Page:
By Lauren Wise
By New Times
By Amanda Savage
By Jason P. Woodbury
By Troy Farah
By New Times
By Derek Askey
The advertisements are meant to fool you.
"The Last Real Record Store."
That's what Zia Record Exchange proclaims itself on TV commercials and banners, as if there were still some fiery independent spirit fueling the company like there was before founder Brad Singer died.
After Singer's sudden death in 1998, a dedicated cadre of upper management struggled and mostly succeeded in pulling Zia out of its rudderless turmoil. A veteran record retailer in the Valley, Jim Kelly, was hired as general manager of the chain after half a year of tumult, and he managed to return Zia's standard of independence and community-mindedness -- at least until recently. Kelly and almost all of the managers who worked with him to restore Zia's focus are now history, along with Impact Music (the company's one-stop wholesale distribution arm), and a Tucson Zia shop, the largest store in the chain.
Also lost to history is Zia's dedication to the constituency that was its lifeblood -- the fanatical record buyers who depended on the store to stock their collections with obscurities and imports.
Zia was once an eclectic, idiosyncratic record emporium where diggers could find the albums they wanted plus gems they didn't know they needed. Now it takes a rummage through piles of Top 200 CDs to find even the commonest of indie releases. On a recent trip to Zia's Tempe location on University, near Arizona State, the store had a dozen copies of Disturbed's latest metallicrap, but not one of Desaparecidos' incredible Read Music/Speak Spanish. In the rap section, I found a pile of Bow Wow's new teeny-rap disc but nary a copy of anything by Canadian wunderkind Buck 65.
Zia is the last real record store like Circle K is the last real grocery store.
After Brad Singer's death, control of Zia was eventually in the hands of his ex-wife, Sandra, who hired Jim Kelly, who had worked at Wherehouse Entertainment for 12 years, as general manager of the chain. Kelly describes Zia as "a plane flying on autopilot towards a hill" when he arrived.
His vision was exactly what Zia needed. "I think being the best independent record store means making sure everyone can find what they wanted," he says, looking back. "I wanted it to be a place where a dad could walk in with his kid and he could find the Coltrane record he was looking for and the kid could find Operation Ivy."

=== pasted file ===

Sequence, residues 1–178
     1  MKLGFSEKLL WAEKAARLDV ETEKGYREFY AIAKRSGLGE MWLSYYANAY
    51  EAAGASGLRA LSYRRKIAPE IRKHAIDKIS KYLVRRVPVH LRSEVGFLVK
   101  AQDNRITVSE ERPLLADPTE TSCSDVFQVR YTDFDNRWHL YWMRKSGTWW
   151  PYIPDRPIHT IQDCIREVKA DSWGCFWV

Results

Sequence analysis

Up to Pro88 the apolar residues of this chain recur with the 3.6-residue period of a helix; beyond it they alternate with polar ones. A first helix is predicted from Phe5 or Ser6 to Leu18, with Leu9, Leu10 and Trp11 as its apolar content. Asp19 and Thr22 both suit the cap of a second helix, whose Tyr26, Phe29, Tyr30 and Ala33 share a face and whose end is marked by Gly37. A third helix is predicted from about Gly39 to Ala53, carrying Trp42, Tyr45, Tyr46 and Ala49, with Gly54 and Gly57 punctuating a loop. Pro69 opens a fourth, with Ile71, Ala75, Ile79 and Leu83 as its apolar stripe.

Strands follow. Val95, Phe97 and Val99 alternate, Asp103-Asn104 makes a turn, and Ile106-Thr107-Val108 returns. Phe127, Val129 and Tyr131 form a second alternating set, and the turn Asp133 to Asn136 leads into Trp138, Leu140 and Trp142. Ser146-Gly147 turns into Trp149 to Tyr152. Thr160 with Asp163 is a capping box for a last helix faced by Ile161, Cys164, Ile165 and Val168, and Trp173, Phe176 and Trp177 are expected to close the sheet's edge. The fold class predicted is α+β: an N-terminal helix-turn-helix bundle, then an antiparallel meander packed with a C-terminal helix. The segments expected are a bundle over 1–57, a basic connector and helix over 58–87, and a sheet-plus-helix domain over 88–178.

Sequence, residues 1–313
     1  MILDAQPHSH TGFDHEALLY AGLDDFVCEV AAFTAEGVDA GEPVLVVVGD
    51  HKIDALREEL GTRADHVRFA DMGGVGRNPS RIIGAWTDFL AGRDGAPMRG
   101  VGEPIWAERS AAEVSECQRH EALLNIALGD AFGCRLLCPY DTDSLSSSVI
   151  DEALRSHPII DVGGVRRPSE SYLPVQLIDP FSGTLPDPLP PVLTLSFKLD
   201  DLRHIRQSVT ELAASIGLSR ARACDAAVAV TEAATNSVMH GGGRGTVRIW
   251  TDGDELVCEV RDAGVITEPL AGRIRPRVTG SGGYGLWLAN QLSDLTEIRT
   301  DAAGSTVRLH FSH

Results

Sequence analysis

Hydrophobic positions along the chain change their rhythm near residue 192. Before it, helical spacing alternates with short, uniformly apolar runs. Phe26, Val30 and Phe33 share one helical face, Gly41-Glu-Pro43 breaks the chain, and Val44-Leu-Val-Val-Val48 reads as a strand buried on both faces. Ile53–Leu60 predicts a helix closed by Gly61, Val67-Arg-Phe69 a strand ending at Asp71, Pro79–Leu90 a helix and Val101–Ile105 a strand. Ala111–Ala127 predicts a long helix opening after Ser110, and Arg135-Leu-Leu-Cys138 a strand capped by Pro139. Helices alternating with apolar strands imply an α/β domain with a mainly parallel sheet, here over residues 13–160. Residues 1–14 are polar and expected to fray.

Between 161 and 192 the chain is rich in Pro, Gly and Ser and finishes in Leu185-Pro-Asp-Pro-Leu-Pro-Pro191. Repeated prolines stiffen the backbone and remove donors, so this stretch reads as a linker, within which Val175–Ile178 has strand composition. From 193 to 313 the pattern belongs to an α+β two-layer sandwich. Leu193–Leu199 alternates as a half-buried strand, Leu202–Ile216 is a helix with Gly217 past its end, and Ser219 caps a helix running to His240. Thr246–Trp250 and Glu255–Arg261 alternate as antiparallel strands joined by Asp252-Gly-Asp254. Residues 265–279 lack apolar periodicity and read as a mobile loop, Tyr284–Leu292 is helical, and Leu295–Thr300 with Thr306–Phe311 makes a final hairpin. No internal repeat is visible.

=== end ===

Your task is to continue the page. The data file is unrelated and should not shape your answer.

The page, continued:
"Jim Kelly was the last hope, the last one there that really understood what Brad was doing," says a former employee. Of the half-dozen former and current employees interviewed, all but Kelly requested anonymity because of lingering ties to the company.
Sandra Singer sold the Zia chain and Impact distribution to a group of Scottsdale CPAs and investors around 2000. It seemed like a foolproof investment, a record chain that did 15 million in sales a year ("End of a Record Run," May 21, 1998) at a bargain price. Another former employee familiar with the details of the sale explains, "They thought they'd bought this absolute golden goose that should be laying golden eggs making them millions of dollars in a very short period of time. And it never did. It did okay; it broke even and even made a few bucks. But it never produced this huge egg."
The investors were oblivious to Zia's place in the music community, oblivious to the fact that Zia Records was so much more than a retailer to the bands that sold records on consignment through the chain, to the obsessive music heads who depended on Zia to acquire the most obscure elements of their collections. All they saw was a disappointing return on their investment; the golden egg was conspicuously absent. So heads began to roll.
Barry Barton, chief financial officer of Zia since 1990, reportedly got a shocker when he saw his position advertised in the classifieds in January of 2002. Kelly recalls, "One Sunday morning I get a call from Barry, he's flippin' the fuck out -- I would be, too -- that his job is in the newspaper. It was truly fucked up."
I'm told that Barton, who declined to comment, had never been informed that the owners were seeking to replace him. Barton had stuck with the company through its boom, through Singer's death, through the subsequent troubles that Jim Kelly had solved. Barton was fired in July of 2002, then rehired later that year. In January 2003, the owners hired Larry Rudnick to run the financial side of Zia. Barton was fired again in August. "[Rudnick] had been hired as the financial person," says a source close to the company. "But he wanted to be both, he wanted to [manage the] operational as well as financial."
Jim Kelly was fired on May 5, 2003. He now lives in New Jersey and works for Warner/Elektra/Atlantic in New York as a consultant on independent retailers. Rudnick now runs the chain as vice president and general manager, and another veteran Wherehouse manager named Brian Faber is Zia's director of retail operations.
"We have reduced staff considerably," Rudnick tells me. "And we paid severance to everybody; they're entitled to it and we think it's the right thing. I think [the owners] just wanted to change directions somewhat."